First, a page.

The influx of new cement players - each providing additional cement production capacity to the nation's total capacity - implies that cement prices are under pressure. Several of the new cement companies offer their output at low prices in order to gain market share, despite domestic cement demand remaining relatively sluggish in the first quarter of 2016. The larger established cement companies of Indonesia may feel the need to join this price war in order to defend their market share.

Cement Export Indonesia

This also implies that Indonesia's cement companies should focus more on the export of cement, which is currently insignificant. Indonesia's cement exports declined heavily between 2007 and 2012 due to rising domestic cement demand (particularly caused by the country's property boom). However, as cement production capacity has expanded rapidly in recent years - exceeding domestic demand - there is again room to focus on export markets. Several interesting export markets for Indonesian cement include Bangladesh, Africa, Australia, the Philippines and the Middle East. In recent years exports of Indonesia's largest cement producers has increased.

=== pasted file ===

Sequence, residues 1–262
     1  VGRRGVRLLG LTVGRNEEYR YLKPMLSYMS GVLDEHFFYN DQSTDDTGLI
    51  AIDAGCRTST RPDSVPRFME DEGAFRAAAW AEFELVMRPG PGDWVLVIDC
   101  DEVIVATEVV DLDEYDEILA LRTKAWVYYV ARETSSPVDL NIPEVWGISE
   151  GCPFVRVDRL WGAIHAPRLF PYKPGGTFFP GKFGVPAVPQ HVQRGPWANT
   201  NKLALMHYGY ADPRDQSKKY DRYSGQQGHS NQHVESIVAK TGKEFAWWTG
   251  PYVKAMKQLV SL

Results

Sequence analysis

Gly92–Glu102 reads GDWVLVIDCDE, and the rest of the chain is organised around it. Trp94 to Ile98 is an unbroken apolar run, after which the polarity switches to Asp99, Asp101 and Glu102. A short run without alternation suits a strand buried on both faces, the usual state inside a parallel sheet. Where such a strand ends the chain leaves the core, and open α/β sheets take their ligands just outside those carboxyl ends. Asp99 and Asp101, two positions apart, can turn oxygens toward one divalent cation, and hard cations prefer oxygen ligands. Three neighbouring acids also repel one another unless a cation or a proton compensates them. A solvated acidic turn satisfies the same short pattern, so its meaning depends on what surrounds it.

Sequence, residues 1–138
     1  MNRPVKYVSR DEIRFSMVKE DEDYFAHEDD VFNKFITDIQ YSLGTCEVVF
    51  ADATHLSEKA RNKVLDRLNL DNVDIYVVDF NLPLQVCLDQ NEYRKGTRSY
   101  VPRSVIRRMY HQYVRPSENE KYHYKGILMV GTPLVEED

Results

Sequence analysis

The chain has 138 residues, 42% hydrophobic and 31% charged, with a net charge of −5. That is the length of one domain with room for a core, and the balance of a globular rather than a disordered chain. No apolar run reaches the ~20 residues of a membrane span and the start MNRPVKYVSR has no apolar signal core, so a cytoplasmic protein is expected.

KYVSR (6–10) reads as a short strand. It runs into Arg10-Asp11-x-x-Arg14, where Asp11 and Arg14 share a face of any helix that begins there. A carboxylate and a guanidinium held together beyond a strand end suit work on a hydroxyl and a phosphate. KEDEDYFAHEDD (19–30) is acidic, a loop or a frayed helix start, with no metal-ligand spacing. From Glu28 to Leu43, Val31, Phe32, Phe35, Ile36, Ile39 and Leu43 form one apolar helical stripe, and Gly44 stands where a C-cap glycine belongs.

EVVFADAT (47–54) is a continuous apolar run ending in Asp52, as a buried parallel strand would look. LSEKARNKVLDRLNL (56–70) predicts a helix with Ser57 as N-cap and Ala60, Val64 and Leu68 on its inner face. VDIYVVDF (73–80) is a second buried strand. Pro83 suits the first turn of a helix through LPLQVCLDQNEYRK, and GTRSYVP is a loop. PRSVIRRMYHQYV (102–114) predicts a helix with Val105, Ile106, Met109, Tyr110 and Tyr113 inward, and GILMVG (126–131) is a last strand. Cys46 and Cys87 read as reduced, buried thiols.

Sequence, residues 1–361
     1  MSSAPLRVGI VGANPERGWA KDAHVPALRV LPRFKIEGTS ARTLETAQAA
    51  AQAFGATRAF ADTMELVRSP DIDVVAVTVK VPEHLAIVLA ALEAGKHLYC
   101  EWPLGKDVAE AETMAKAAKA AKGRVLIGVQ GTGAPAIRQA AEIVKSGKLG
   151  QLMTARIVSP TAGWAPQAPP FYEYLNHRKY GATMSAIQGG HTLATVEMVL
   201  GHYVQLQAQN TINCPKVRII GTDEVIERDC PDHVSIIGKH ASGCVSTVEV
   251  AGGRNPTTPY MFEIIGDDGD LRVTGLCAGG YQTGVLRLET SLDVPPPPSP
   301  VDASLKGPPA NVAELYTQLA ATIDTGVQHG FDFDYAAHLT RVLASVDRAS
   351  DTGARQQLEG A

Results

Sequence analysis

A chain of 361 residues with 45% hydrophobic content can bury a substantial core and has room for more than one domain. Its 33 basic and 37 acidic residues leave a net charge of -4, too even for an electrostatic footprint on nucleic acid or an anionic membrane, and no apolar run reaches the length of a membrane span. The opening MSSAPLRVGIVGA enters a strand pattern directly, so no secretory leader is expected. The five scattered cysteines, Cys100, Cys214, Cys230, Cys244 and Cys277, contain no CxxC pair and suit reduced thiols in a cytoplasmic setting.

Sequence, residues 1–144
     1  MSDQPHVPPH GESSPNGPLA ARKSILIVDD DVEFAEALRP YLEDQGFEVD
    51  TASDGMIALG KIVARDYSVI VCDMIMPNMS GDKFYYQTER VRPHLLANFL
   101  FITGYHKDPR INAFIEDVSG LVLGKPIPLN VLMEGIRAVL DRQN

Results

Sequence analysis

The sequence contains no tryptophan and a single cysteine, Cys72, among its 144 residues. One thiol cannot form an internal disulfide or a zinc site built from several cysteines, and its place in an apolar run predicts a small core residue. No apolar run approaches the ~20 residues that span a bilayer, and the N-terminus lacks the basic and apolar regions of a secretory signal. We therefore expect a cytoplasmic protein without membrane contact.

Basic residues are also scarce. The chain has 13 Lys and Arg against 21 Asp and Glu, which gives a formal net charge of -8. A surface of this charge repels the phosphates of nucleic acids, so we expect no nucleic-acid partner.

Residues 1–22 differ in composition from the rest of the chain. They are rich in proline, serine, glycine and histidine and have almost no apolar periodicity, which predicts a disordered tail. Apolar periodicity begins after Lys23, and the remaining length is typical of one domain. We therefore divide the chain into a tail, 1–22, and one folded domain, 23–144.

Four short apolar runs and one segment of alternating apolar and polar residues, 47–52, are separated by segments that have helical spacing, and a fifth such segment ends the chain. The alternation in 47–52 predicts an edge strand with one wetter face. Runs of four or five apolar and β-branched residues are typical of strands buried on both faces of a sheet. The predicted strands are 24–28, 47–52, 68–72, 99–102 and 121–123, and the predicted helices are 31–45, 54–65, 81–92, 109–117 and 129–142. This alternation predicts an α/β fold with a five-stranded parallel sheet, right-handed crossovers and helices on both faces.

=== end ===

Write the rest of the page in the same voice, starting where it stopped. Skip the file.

Cement Exports of Indonesia's Top 3 Cement Producers:

Company    2014
   2015
Semen Indonesia 1,376,174 1,388,459
Indocement Tunggal Prakarsa  156,504  212,500
Holcim Indonesia   77,722  227,524

in IDR million
Various sources

Updated on 30 May 2016